You might not know the following figures—but you should. In Campus Characters, The Blue & White introduces you to a handful of Columbians who are up to interesting and extraordinary things and whose stories beg to be shared. If you’d like to suggest a Campus Character, send us an email at email@example.com.
“I literally don’t matter and that is the most validating thing. I feel more special for how unexceptional I am,” Ridge Montes, SEAS ’15, tells me as we wrap up our interview. We had been talking philosophy, as Ridge often does.
“On a deep, deep, deep fundamental level, we are all the same,” he’d said earlier, before clarifying. “Not all our attributes are the same, not even our habits are the same, but the praxis that we use for retaining or changing habits over the course of a lifetime has a very strong similarity one person to the next, so much so that we can talk about life, or talk about love.”
Our three hour conversation ended up in the EC townhouse where he has lived as an RA for three years. Ridge has been in dorms for a long time, from boarding school to the 3-2 combined plan at Columbia, with a pit stop at the University of Chicago in between.
In addition to his RA job, Ridge works in the Classics department and at Vino Fino, a wine shop close to Columbia. He has been financially independent throughout his time at Columbia. “All the clothes I wear, all the knick knacks in my room, I can think about them in terms of life I spent,” Ridge tells me. “So one hour at the office will buy me maybe three bottles of beer, maybe a T-shirt, and you populate your life, you make it the fingerprint of your activities.”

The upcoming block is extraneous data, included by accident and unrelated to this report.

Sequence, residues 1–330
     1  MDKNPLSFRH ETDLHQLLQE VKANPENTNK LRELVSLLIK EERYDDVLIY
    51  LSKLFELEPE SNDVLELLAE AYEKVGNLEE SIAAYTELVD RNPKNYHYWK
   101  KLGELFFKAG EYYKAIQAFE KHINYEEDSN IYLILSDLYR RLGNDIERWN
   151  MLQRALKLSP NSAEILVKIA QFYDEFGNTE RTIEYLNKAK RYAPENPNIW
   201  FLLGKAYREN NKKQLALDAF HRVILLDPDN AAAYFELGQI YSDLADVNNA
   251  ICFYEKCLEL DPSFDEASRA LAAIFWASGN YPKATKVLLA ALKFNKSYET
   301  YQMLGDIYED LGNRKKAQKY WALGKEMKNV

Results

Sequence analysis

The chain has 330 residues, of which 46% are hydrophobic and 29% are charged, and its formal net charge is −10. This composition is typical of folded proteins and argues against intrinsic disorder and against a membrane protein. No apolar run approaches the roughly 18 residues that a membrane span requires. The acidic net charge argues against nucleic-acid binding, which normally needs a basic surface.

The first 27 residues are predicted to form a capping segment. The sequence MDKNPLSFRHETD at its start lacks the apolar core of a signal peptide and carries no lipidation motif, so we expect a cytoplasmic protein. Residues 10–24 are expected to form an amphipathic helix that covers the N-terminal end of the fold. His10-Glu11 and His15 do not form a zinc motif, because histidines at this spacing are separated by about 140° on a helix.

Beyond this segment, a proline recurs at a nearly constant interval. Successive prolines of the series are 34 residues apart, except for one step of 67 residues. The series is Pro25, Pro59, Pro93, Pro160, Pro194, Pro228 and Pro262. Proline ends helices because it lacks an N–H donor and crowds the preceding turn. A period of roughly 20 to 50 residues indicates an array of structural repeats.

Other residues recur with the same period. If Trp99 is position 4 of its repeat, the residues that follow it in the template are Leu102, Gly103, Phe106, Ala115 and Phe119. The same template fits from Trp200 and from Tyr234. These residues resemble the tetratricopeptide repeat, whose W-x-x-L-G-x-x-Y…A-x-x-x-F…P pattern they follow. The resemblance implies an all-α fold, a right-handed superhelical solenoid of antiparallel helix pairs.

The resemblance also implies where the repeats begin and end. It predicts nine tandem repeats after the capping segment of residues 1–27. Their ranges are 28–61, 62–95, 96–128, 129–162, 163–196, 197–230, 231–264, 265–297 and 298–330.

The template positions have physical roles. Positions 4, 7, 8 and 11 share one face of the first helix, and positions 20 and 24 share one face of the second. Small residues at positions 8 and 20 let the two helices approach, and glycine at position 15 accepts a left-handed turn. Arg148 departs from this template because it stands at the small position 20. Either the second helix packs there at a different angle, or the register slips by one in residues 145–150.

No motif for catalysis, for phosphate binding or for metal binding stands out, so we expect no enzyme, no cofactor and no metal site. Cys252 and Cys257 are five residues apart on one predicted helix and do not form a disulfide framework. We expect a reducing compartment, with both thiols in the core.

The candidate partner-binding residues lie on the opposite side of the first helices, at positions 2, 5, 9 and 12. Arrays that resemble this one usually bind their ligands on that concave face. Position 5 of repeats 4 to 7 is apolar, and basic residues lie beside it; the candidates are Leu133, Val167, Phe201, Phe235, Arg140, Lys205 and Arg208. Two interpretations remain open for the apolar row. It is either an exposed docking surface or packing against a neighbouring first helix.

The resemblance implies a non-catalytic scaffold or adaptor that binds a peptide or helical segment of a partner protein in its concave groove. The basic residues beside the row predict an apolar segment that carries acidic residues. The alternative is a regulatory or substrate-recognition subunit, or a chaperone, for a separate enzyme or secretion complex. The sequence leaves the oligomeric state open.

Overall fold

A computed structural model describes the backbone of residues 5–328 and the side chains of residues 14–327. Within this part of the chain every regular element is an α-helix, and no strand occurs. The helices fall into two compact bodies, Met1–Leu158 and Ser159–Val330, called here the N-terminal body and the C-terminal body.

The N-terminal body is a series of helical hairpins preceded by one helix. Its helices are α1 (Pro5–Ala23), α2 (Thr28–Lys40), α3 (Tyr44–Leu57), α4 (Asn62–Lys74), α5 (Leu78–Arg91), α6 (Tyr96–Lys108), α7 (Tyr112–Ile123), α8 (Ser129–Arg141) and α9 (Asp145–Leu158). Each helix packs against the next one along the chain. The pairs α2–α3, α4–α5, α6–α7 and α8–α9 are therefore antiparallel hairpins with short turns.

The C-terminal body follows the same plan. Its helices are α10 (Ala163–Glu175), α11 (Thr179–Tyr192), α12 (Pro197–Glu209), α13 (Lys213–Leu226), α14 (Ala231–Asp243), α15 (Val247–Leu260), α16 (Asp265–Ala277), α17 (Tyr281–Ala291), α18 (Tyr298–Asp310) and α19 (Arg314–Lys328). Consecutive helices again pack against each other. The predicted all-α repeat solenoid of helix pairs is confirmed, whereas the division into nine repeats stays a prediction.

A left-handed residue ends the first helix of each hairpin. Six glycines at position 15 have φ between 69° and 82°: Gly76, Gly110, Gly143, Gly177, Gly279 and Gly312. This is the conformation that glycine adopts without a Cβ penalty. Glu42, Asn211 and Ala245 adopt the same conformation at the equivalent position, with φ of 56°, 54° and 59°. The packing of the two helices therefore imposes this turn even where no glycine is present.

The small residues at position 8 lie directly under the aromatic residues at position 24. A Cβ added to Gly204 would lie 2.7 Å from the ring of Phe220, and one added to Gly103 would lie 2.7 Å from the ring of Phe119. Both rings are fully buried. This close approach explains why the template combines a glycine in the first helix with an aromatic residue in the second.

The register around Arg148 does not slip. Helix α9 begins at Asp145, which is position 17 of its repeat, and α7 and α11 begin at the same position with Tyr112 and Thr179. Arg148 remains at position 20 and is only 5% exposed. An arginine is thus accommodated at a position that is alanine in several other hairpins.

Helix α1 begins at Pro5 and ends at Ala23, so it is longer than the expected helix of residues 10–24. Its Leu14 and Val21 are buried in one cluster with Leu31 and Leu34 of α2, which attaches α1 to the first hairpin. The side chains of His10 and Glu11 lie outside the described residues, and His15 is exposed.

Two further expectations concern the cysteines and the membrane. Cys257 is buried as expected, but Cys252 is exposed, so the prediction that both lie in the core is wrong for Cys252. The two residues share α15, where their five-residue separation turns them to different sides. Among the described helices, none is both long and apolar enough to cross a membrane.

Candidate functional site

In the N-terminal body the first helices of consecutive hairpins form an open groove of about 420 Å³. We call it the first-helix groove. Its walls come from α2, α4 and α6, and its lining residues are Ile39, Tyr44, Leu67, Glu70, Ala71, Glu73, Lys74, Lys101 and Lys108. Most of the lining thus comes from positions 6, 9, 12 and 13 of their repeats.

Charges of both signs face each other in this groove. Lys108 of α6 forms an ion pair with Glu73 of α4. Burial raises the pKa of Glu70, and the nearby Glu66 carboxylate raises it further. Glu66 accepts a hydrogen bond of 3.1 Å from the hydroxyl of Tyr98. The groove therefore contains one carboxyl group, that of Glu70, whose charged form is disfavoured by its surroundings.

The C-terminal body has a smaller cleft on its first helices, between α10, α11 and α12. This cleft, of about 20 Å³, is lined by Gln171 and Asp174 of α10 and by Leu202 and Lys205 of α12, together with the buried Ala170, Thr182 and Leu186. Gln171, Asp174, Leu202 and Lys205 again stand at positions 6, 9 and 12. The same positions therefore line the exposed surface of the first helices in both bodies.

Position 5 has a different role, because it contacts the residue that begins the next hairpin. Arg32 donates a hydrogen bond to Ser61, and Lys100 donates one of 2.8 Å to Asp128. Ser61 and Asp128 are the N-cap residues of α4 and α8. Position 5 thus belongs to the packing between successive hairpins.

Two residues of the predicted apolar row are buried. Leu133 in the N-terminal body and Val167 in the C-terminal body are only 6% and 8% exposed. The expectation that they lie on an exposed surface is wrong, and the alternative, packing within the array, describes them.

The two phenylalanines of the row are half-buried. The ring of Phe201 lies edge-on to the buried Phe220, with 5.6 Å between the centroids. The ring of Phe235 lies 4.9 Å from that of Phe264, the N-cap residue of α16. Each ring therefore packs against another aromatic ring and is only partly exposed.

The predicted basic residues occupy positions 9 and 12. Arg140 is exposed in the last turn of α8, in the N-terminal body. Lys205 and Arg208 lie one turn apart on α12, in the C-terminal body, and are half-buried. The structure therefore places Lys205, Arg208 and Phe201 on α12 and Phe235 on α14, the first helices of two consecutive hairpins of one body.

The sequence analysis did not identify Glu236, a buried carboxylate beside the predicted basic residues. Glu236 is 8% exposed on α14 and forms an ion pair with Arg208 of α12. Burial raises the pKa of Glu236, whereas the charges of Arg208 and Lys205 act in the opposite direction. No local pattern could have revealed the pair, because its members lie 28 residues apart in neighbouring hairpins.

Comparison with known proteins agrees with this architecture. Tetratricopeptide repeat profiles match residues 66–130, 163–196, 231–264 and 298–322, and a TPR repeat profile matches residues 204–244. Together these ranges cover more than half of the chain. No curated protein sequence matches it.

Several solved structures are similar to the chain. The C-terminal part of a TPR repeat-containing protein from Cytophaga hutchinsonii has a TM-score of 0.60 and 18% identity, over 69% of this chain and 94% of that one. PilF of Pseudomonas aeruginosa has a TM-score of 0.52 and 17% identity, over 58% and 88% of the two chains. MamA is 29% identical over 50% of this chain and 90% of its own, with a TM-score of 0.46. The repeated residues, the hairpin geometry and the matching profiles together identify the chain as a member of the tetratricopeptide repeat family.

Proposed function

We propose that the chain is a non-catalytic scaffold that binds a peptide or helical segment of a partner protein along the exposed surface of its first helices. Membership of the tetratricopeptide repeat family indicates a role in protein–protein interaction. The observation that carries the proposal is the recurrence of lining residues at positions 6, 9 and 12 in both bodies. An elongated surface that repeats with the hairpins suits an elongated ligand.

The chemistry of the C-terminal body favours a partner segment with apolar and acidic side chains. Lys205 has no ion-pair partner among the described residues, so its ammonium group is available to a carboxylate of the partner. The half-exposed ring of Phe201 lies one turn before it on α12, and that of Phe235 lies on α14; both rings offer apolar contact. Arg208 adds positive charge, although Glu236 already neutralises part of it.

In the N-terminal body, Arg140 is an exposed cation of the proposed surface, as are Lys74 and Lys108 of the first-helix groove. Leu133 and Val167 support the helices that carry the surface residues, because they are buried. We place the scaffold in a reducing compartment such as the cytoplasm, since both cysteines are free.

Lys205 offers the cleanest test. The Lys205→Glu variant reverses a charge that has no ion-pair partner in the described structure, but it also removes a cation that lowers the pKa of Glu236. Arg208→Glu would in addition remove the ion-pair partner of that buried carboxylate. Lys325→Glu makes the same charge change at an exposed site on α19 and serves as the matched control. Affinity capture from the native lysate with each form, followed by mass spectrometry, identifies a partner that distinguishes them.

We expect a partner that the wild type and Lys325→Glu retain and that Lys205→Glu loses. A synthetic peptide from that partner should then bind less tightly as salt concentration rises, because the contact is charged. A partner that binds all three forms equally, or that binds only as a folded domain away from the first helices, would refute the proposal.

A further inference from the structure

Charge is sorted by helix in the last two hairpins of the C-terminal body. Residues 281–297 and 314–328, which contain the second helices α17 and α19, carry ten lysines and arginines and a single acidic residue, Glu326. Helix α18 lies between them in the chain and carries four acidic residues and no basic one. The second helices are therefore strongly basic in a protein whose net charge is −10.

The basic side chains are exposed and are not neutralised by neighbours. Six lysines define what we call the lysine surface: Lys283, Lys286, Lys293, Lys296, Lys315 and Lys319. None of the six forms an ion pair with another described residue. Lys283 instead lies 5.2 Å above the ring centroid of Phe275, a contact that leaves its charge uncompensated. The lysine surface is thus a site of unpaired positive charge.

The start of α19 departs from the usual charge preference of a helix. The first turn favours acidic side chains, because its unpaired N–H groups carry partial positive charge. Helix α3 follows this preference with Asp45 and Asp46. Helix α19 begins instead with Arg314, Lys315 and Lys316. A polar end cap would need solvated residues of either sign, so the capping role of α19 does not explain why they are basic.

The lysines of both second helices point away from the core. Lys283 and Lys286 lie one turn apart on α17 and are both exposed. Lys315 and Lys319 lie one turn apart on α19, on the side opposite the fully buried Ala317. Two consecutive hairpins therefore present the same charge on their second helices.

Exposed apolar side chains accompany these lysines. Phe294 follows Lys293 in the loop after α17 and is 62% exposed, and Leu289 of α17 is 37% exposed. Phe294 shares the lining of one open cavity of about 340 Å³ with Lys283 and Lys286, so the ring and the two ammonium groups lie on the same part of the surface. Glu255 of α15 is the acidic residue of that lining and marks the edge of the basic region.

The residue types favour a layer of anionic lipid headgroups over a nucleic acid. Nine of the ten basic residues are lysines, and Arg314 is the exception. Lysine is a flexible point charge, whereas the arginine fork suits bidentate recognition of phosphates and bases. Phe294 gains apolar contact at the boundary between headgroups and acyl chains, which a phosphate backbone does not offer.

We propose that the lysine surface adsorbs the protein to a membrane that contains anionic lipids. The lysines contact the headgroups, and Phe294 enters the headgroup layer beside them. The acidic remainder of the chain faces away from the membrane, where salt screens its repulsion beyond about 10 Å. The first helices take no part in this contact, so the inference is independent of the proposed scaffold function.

When we arrived at his townhouse, Ridge put on the overture to The Magic Flute, his favorite opera, and we continued our conversation over a meal of shakshuka, which Ridge prepared on the spot. He likes to cook for people—it’s how he met his best friend, Patrick Aloia, CC ’15. Near the end of the first semester of their CC class, Ridge invited Patrick and a few other classmates over for dinner. “We went over to his home, he got us wine, he made us roast chicken, rice, everything tasted great, and we just talked about philosophy and our lives,” says Patrick. “It was totally natural and he made us feel welcome.”
Ridge studies classics in CC and applied mathematics in SEAS. He started teaching himself Latin at 14, and learned Greek soon after that. “I can’t even say that it enriched my life because my life would be literally inconceivable without this stuff,” he observes. Supplementing his studies, Ridge has spent the past four years acting with the Barnard Columbia Ancient Drama Group, which stages performances in their original languages.
“People don’t acknowledge the strangeness of Shakespeare, of Dante, of the Romans, the Greeks,” Ridge says of his studies. “You know, the Romans used to eat something called garum, which is basically pickled fish in vinegar, and they thought it was the most delicious thing in the world. It sounds to me like it sucks. They also killed people because they thought it was funny.”
Ridge converses socratically. He will tell you what he believes, but he will also push you to articulate your beliefs as completely as possible. Ridge reads and talks to people so that he can figure out his own thoughts, and he is not afraid to make bold declarations.
“The world is literally flowing through us. And that’s not just when something pushes you. Everything you learn and everything that you relate is life coursing through you like a river and you’re just a riverbed, and all the things that you learn add flavor to what’s coursing through you. That is how life works.”
— Jennifer Sluka